Needless to say, I eventually overcame the fear of school and settled nicely into a solid group of friends, whom I remain in loose contact with to this day, albeit primarily via social media.
Brave is about the furthest term from my mind when it comes to describing my adolescent years. Quite frankly, I lived in fear a great deal of the time. Fear of being alone, fear of my parents arguing, fear of heights and fear of drowning. Coupled with fears of such things as: big dogs, cows, horses and generally any animal at least half my size. Looking back, I was clearly anything BUT brave!
So when I received this card from my daughter a few weeks back for Mother’s Day, there was one word she used to describe me that caused me to pause, and reflect closely at when I acquired the bravery I now possess and she recognizes.
My teenage years, although full of friends, sports, socializing and academic achievement, always left me feeling lonely. To the outside world this would make no sense, nor did it to me at the time. This loneliness made me difficult to please, with a constant sense of discontent. Instead of using my vivacious spirit to draw others in, I pushed them further away.
As I moved into my early married years, I continued to feel like nothing was quite “as it should be”. I bounced from career to career, yet still creating success in the eyes of the outside world. Constantly seeking the perfect career and social setting that would allow me to settle into my life. Yet inside, I was the same lonely, disconnected woman I had known from my early childhood.
But as life does, it began to hand me some serious real life heartaches. It was during these times I realized the strength and bravery I had possessed all along. Maybe the reason I felt alone and afraid is because I WAS brave and therefore always had a sense of being on the outside. The fact is, most people need to lean on others, or feel like they need to fit in. I was different. Fitting in only made me feel more lonely. As I look back now, it was my sense of not belonging to anything that was evidence, I was brave all along.
I will never forget the feelings I felt of comfort in my own solidarity as I read Brene’ Brown’s book titled “Braving the Wilderness” . As she described her own sense of feeling alone in a room full of people, I was astounded by how closely our stories of youth resembled one another’s. I began to realize I felt lonely because I was born to stand alone.
I am no longer afraid to be alone but cherish it. I care very little what other’s think of me and do not shy away from walking into a room of strangers out of fear someone may not like me. I have changed careers, sold businesses and taken risks because I realize failure is a part of life and life is meant to be lived. Rather than living in fear, I am living brave.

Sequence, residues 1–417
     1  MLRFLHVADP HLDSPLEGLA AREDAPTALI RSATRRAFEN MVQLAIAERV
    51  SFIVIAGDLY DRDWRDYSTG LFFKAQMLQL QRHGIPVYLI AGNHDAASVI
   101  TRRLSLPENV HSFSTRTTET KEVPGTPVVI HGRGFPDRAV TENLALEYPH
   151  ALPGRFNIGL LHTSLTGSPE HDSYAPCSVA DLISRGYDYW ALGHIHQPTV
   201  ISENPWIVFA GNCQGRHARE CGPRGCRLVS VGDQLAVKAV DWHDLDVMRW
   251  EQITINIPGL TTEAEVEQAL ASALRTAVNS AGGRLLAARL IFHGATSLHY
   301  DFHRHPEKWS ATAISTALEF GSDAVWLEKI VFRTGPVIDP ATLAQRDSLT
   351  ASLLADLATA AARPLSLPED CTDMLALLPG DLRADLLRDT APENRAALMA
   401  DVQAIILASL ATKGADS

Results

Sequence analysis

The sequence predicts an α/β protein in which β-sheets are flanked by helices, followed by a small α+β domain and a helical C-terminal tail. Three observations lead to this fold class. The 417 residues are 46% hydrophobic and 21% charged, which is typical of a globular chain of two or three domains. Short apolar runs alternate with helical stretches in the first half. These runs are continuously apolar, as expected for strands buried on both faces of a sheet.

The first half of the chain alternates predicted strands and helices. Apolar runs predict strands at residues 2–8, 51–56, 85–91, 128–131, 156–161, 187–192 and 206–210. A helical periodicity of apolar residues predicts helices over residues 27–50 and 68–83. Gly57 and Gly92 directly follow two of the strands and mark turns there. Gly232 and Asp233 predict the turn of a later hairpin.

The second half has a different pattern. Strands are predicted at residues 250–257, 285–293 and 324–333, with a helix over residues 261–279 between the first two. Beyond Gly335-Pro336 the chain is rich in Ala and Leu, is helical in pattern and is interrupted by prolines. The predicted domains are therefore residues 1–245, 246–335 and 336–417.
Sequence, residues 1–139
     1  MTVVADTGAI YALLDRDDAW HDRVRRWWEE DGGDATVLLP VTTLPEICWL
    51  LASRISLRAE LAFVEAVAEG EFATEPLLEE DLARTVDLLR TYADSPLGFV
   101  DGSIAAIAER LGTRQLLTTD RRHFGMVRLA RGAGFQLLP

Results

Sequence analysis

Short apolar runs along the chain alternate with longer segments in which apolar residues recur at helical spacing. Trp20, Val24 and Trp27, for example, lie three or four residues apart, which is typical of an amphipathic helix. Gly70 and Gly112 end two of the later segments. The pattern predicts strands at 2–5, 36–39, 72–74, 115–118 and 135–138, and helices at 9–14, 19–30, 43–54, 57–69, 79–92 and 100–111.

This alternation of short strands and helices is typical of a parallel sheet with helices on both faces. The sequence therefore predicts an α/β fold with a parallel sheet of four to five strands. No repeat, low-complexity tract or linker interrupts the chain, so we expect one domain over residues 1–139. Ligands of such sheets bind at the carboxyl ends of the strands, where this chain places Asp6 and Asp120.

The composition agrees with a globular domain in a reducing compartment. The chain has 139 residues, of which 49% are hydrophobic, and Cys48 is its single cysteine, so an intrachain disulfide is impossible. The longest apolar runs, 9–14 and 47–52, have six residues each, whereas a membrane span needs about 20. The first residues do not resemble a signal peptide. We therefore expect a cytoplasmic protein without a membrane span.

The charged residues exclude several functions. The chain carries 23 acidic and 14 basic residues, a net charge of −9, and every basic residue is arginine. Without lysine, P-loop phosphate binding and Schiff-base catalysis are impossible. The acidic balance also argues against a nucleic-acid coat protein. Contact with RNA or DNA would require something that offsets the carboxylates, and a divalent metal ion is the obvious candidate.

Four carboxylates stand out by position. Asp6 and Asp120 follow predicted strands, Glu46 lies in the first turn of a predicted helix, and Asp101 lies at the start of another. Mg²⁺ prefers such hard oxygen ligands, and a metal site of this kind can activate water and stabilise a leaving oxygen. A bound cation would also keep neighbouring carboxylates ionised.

Although this is a trait I now realize I possessed all along, it still involves fear and requires practice. Physically I practice getting out of my comfort zone by competing in the sport of functional fitness. Professionally, I help people who desire to improve their lives by providing them honesty and challenge, rather than gratuitous support.
As a parent, I work hard to relinquish a sense of control of my daughter’s life and instead, help her find her own way. Passing onto her the lessons I have learned about embracing struggle to find a sense of pride in herself. Just this week she had her first Royal Conservatory of Music exam, for which she was riddled with fear. Both of us hesitating upon whether this was the right decision for her. As she walked out of the examiner’s room, tears of self pride rolling down her face, she had an early experience of how fulfilling life can be when you are brave!
As a wife, I strive to avoid taking the person I chose to spend my life with for granted. It is easy in a relationship to get lazy, to find all the fault in the other and settle into the mindset that marriage is just one more part of life that isn’t fulfilling. Relationships take honesty, humility and braving the work involved.
Amongst friends, I draw boundaries and work only authentically. People can trust I will tell them the truth and decide for themselves whether that works for them or not. I will not lie or make excuses but merely say “no” when “no” feels right. I have joked with friends for years that if they ask me over for dinner, most likely I will say no. It turns some people away, but the authentic friendships remain tight and closer than ever.
All of these practices require standing alone in who I am but I will always choose brave over easy.
Are you living brave or allowing fear to rule your life? What does your voice inside whisper to you, but your fears tell it to go away? Whatever it is in life you want, it is only possible through truth and bravery.
Walk into that gym for the first time and hold your head high.
Let go of the foods that feed you comfort yet keep you from living healthy and confidently.
Have those difficult conversations that are holding you back in relationships.
Set boundaries with others and start saying “no”.
Let go of control of your child’s life because you fear what will happen to them if you don’t.
Speak out loud the dreams your mind whispers inside your deepest thoughts.
There is so much more to you and to your life than you realize. Choose Brave!
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